The Blackstone Group appears to have done it once again.
Less than four months after its successful flotation of German petrochemical company Celanese, which it had purchased a mere nine months prior, the New York-based private equity firm has taken its six-month old portfolio company New Skies Satellite public in an offering valued at approximately $196 million (€152 million).
Although the IPO of the Bermuda-based satellite operator was priced at $16.50 per share, below its initial offering range of $18 to $20 per share, the public market flotation still presents a healthy valuation for Blackstone – its equity stake in the company is now worth $300 million.
The private equity firm originally acquired New Skies in November 2004 in a $983 million transaction. In connection with that transaction, Blackstone contributed $163 million of equity, composed of $153 million in preferred equity, $8.5 million in convertible preferred equity and $1.5 million of common equity according to filings with the Securities and Exchange Commission.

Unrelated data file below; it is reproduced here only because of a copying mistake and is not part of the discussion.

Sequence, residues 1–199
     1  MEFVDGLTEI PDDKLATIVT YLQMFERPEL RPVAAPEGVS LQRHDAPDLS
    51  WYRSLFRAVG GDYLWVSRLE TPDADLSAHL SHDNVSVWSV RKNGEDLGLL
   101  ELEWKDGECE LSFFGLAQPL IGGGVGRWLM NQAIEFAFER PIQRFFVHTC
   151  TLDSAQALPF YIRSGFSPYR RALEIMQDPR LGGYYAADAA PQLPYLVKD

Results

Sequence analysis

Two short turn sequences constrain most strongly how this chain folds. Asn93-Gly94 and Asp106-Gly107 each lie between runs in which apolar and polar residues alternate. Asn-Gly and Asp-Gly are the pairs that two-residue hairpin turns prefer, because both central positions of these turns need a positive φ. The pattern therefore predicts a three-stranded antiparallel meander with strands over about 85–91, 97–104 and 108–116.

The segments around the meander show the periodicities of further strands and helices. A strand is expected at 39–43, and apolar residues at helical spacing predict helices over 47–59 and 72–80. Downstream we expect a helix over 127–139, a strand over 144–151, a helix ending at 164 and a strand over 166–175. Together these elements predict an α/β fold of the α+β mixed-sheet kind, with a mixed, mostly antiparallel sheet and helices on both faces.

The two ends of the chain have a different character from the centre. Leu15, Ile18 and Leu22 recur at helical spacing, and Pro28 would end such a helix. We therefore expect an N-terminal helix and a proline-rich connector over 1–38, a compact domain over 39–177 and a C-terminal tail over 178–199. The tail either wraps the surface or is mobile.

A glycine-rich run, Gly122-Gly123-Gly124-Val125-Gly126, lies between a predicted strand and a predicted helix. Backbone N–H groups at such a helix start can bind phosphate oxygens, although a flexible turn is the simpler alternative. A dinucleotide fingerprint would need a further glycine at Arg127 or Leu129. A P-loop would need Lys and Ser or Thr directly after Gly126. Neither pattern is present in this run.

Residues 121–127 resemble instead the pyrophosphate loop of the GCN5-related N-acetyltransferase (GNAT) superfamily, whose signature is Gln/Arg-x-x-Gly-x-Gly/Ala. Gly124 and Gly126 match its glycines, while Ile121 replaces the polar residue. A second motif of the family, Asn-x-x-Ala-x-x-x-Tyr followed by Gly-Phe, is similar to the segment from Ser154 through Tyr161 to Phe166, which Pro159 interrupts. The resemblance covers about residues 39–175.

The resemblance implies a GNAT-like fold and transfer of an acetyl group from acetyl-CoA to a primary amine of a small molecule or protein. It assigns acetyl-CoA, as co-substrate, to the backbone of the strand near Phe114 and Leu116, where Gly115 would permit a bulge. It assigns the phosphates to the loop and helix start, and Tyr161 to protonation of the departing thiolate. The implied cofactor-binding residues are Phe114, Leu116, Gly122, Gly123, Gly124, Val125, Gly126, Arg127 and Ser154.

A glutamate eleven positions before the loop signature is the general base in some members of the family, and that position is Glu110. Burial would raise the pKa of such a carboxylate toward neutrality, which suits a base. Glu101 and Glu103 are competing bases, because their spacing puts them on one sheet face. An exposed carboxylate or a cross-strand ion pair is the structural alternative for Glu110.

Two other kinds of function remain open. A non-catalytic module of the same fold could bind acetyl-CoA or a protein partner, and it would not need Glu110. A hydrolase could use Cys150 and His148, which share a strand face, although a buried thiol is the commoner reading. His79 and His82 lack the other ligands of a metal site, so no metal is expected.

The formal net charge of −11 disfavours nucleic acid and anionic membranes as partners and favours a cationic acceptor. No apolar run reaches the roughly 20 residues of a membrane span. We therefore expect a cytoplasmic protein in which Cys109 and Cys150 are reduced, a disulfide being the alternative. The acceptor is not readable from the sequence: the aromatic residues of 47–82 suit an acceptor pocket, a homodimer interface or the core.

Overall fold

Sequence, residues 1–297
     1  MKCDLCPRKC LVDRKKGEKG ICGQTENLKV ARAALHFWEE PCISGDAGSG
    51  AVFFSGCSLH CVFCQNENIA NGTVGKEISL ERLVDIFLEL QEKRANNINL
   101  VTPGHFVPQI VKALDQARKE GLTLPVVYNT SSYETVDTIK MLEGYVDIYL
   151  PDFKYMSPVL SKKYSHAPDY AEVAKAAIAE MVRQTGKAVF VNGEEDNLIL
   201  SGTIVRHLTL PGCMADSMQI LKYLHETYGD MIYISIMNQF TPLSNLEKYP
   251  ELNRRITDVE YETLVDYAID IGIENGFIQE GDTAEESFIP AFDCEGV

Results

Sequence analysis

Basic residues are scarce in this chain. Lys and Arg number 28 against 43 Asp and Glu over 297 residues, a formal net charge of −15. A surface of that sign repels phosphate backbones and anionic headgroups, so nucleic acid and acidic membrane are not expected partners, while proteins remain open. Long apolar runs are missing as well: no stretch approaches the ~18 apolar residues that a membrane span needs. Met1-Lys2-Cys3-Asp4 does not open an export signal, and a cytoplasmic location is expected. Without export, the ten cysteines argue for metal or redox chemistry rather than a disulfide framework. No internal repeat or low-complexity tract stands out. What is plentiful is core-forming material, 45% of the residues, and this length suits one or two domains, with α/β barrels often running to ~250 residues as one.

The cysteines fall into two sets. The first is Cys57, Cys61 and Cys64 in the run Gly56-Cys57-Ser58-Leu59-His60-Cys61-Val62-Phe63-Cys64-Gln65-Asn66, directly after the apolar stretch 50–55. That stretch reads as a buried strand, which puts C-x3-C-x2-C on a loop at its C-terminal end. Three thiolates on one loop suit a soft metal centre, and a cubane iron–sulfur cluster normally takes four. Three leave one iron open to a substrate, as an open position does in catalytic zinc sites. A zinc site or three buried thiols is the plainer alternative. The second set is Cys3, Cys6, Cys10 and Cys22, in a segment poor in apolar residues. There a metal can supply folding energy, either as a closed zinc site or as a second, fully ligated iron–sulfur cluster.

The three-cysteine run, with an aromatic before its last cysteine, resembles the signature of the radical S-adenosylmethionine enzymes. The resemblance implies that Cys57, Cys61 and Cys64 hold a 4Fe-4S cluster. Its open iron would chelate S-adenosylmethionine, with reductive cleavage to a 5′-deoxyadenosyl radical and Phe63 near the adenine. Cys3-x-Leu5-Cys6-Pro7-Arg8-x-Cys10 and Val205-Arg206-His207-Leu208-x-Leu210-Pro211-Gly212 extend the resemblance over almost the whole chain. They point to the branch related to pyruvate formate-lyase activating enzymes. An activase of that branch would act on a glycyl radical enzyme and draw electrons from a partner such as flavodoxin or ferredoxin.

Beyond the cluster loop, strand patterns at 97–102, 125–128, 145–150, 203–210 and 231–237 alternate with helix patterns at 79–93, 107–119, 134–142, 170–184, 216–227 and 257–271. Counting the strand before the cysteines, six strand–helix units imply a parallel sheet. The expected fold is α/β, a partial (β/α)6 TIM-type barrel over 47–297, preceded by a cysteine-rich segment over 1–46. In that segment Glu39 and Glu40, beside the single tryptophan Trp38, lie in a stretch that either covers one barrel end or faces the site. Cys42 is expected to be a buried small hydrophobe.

In February 2004, Blackstone was able to take more than half its money off the table when New Skies issued an $88 million dividend to company shareholders. As part of the initial public offering, the company had originally intended to pay of dividend of $71 million to shareholders, as well as $6.1 million to Blackstone in connection with the termination of their management agreement. It is unclear to what extent the dividend may be reduced given the lower IPO price, but at the proposed levels, Blackstone would have been able to cash out almost all of its investment in the company while still holding a majority stake in New Skies.
Other private equity firms have also been active investors in the satellite industry. Last December, Paris-based European investment company Eurazeo and an investment vehicle owned by Texas Pacific Group and Spectrum Equity Investors acquired a 20.7 percent stake in Eutelsat from Mirror International Holdings in a deal valued at €643 million. And in another deal last year, a consortium consisting of Apax Partners, Permira, Apollo Management and Madison Dearborn agreed to buy Intelsat for $3 billion.